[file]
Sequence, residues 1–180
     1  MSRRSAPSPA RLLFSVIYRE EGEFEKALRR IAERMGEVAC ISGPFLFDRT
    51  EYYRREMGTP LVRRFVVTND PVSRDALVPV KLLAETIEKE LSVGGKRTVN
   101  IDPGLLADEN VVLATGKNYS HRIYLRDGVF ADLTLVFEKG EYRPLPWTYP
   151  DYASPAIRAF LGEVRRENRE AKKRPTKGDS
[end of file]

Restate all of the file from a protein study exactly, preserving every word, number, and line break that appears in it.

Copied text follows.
Sequence, residues 1–180
     1  MSRRSAPSPA RLLFSVIYRE EGEFEKALRR IAERMGEVAC ISGPFLFDRT
    51  EYYRREMGTP LVRRFVVTND PVSRDALVPV KLLAETIEKE LSVGGKRTVN
   101  IDPGLLADEN VVLATGKNYS HRIYLRDGVF ADLTLVFEKG EYRPLPWTYP
   151  DYASPAIRAF LGEVRRENRE AKKRPTKGDS